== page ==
(Thinking back it seems to me that there may have been a resonance issue somewhere with the grinder rpm, the measurements of the hole vs the tile and so on. I can't think of any other reason why I had so very much of the same trouble while trying so many very different cuts.) Adding to the insult, I did actually manage a complete cut once - but that was a desperate sanity test in a trash tile where the three other corners had already been broken in unsuccessful attempts.
At that point, having wasted (part of) 7 tiles and oodles of effort and time I was close to giving up and adding an ugly grout line. So I glued up the other tiles, continued to the third wall and (still leaving the power hole unhandled) had a well-earned soak: as you can see on the first pic below the tile cutting left lots of shards on the ground and lots of dusty dreck in the area, the air and on me.
And then, lying in the tub, I had a "DUH!" experience. Somehow the universe must have planned some revenge, what with me telling students to "stop doing things that don't work" (an MIT computer/admin maxime). As it turns out, all I would have needed to do to spare me the horror was to move the damn power outlet about 10cm centimetres up (can't move sideways: stud) so that the cuts end up on tile edges. WAAAAAAAAAAAAH! AARRRRRRRRRRRRGH!
So I did that: moved the power outlet, took about 20 min with cutting the villaboard and plastering in a filler for the old hole. I did, however, leave that tile cut for tomorrow (as it was dark by now, and once again raining outside).
The next bit of work tonight was to move the light from the wall to the ceiling; unsuccessful because one fitting broke and the new location looks shite and the light output is insufficient with no bulbs lighting the ceiling. (Tomorrow I'll go to Ikea, get a nice new light and a mirror cabinet - that's the reason why the old light location was not good.)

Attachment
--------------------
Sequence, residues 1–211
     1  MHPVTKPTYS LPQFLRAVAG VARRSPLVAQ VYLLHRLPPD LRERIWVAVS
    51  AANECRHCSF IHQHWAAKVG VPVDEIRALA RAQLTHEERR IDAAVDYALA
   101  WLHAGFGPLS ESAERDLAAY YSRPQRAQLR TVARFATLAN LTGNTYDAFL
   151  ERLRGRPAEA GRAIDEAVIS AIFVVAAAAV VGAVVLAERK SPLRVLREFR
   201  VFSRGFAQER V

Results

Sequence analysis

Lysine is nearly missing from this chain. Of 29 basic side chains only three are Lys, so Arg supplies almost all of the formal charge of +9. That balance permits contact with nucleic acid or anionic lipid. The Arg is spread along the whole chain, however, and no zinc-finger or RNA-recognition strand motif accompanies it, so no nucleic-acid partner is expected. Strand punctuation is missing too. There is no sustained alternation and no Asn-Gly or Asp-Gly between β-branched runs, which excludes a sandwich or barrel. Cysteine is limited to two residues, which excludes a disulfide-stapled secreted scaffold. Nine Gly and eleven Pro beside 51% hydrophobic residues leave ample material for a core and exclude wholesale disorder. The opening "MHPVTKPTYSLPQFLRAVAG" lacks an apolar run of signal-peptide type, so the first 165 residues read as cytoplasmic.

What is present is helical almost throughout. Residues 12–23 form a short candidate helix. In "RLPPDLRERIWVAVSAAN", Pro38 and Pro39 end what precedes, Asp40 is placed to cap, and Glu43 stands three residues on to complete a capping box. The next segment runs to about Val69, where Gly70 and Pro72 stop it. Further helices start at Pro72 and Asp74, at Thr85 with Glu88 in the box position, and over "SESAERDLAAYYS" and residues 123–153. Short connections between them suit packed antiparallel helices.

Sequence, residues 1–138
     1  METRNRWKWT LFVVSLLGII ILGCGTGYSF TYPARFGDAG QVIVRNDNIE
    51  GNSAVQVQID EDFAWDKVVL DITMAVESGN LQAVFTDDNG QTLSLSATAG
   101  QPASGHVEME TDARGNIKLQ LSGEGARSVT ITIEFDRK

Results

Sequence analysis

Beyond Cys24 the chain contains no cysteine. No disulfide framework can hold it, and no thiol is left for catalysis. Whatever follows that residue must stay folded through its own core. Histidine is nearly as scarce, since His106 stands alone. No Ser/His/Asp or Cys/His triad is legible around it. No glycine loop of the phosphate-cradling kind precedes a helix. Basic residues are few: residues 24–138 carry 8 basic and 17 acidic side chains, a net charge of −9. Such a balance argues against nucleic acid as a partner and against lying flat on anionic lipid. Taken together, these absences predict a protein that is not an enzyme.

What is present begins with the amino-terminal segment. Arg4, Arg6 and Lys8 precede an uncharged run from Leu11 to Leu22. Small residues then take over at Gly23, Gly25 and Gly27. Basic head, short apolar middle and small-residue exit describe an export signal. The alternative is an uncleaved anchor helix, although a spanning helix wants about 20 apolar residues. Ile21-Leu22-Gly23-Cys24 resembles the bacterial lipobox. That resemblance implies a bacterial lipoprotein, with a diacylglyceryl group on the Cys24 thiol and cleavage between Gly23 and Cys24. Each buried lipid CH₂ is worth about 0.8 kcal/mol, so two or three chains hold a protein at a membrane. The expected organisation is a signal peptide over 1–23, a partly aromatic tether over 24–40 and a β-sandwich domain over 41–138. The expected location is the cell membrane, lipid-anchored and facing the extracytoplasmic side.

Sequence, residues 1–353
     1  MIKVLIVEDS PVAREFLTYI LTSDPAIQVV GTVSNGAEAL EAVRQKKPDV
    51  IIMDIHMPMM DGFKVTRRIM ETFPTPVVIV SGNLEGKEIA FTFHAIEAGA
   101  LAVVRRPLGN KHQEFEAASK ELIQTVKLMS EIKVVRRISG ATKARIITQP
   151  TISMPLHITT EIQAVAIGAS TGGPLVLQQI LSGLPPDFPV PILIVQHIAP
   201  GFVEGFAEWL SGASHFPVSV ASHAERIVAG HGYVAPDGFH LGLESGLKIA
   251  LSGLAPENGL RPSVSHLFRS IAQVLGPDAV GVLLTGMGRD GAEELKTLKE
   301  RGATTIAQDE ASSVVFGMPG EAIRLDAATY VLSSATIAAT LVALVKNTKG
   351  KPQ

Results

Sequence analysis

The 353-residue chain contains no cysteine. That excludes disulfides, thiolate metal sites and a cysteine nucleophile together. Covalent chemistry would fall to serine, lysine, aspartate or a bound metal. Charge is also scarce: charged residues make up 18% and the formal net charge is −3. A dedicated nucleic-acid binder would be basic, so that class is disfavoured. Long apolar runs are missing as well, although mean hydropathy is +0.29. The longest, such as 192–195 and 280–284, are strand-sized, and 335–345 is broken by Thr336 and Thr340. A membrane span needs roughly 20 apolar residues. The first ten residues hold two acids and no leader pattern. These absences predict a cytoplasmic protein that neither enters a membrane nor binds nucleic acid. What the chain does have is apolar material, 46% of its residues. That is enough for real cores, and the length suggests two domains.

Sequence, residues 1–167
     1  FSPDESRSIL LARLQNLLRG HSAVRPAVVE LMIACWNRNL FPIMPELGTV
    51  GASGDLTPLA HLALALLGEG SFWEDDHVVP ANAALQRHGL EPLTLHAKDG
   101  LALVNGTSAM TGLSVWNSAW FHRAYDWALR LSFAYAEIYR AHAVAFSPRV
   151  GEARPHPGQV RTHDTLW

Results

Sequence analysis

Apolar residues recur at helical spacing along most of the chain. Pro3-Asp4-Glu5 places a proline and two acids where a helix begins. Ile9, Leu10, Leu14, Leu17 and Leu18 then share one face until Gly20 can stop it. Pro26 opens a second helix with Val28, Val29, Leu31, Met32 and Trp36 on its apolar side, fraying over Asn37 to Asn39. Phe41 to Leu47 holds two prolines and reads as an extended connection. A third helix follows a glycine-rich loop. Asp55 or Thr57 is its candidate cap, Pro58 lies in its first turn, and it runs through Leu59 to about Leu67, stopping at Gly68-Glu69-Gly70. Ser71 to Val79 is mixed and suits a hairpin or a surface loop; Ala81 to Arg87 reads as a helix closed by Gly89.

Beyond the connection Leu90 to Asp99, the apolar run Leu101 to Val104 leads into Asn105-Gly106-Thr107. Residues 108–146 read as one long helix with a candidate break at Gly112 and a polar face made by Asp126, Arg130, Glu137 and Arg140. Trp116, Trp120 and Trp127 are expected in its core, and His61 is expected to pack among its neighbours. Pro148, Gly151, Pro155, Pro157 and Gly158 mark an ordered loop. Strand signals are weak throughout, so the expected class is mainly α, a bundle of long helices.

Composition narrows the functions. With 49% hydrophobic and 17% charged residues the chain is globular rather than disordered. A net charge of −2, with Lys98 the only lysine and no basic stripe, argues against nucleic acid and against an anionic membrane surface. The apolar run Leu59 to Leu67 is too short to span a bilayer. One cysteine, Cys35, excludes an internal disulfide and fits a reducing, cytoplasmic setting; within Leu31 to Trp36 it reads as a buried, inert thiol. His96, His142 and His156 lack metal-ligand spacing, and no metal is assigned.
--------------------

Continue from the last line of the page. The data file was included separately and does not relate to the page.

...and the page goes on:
And, to top off a somewhat crappy day, I then decided to do the cornices, because they need to be in to spackle and paint the ceiling, cut in the last row of wall tiles etc. pp. Rounded plaster cornice strips suck: while they are cheap, they are not very sturdy and loaded with heavy cornice cement they have the strength of a wet noodle. Very unnice for somebody working alone, let me tell you. Still, I didn't break any, hell no - I made worse mistakes.
First mistake, yesterday or so, was mis-measuring one of the strips and not remeasuring it before cutting (which I usually do; must have been too impatient or tired). Net result: one strip is 10cm too short, and no spares of sufficient length. So I cut off some more and set up for a butt joint.
The next mistake was not understanding exactly what Rob meant when he uttered the cryptic words "first thing with this, mark the top or you'll be sorry". I thought he meant the cornice, but he also meant the damn mitre box. As it turned out on installation (with all the damn goo splattering me, the sagging cornice noodles just about to break and not to forget that cornice cement sets fairly quickly), I learned that I had managed to cut two of the corners wrong, subtly wrong: I didn't turn the mitre box around when necessary and ended up with the correct 45° cut but with an extra "bow" in the cut. And of course I realized this only after the offending piece was successfully glued up and the cement had set. Damn.
In the end I opted for brute force and ignorance and plaster-filled the ugly almond shapes on the cornice corner, but it's not perfect; I'll have to do more filler work on that. (Actually you won't see much wrong on the following two photos but trust me, the problem is there.)
And with the damn cornice gluing, the scramble to get the stuff up without breaking any, getting not too much goo where it would set too quickly and/or getting temporary nails in to finetune the cornice position etc. pp., the bathroom ended up looking very much like a disaster zone, with dirt, tools, blob globs and sundry mess everywhere.
So I finished this crappy day off with a room clean. Tomorrow will be a better day.